From time to tine the group has had discussions and notes on Geospatial topics.
Some members of the Ontology community participated in the
June 20 -22, 2006 event at NSF – on “Open Collaboration: Networking Geospatial Information Technology for Interoperability and Spatial Ontology”
Based on this a Community of Practice was set up to encourage work on geospatial Ontology.
We took the name SOCoP and have been holding monthly meetings, organizing demos and workshops .
We are planning our 2nd annual this November at MITRE and I’ll have an official announcement about this soon.
But I wanted to ask this community about a topic that we plan to discuss there.
The topic is one of “frameworks” and/or “Reference Models”
(RM) for geospatial ontology.
Frameworks abound in traditional IT model and IT architecture areas. These are used to define standard model products, methodology, relevant tools, best practices
Open Geospatial Consortium Inc. (OGC) has a reference model (http://www.opengeospatial.org/standards/orm) that “describes the OGC Standards Baseline focusing on relationships between” the baseline standard
documents. The OGC Standards Baseline consists of the approved OpenGIS® Abstract and Implementation Standards.
Carl Reed and Deb MacPherson have talked a bit about OGC things on this forum. A naive approach to creating a geospatial RM might be to take the OGC model as
a start and “add formal semantics.”
My starting question is what people know about such Frameworks and RM’s and what their opinion on the practicality of this is. The Semantic Web stack is perhaps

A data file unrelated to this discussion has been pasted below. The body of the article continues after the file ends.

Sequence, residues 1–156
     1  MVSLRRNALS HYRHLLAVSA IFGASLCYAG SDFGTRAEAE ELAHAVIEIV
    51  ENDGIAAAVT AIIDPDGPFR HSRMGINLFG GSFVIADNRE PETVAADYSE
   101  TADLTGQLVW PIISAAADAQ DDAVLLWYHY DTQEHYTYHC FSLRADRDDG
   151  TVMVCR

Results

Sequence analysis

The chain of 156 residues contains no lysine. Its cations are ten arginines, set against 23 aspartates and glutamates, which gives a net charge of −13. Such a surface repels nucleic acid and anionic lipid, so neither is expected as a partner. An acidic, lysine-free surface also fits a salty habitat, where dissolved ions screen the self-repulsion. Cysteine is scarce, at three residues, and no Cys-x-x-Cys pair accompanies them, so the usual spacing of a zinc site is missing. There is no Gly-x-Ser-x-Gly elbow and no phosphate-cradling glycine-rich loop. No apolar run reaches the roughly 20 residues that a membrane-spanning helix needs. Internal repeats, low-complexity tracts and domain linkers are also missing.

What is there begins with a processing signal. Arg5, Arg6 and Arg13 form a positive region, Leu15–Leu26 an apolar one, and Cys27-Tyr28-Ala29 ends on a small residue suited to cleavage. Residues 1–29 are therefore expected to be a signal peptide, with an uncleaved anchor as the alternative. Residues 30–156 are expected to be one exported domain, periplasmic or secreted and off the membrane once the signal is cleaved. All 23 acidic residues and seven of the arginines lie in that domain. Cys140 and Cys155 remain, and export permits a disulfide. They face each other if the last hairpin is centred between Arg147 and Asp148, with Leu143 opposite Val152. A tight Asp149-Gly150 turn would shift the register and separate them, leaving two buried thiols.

a place to look for some RM ideas, but it is not clear if this is the best place to start.
Is that a good idea and has anyone made significant process in doing that?
Any thoughts appreciated.
SOCoP Executive Secretary
Portions of earlier “discussions”
Fri, 13 Mar 2009 17:28:24 -0400
Thank you Carl, I will forward this to some folks to avoid duplication of
effort and look forward to reading the OGC materials provided.
[mailto:ontolog-forum-bounces@xxxxxxxxxxxxxxxx] On Behalf Of
Sent: Friday, March 13, 2009 4:51 PM
Subject: Re: [ontolog-forum] International Alliance for Interoperability
Jumping into the middle of the discussion, but 2 years ago the OGC did a really
interesting OGC Web Services interoperability test bed scenario in this
domain. On-line interactive demonstrations can be found at
http://www.opengeospatial.org/pub/www/ows4/demo.html check out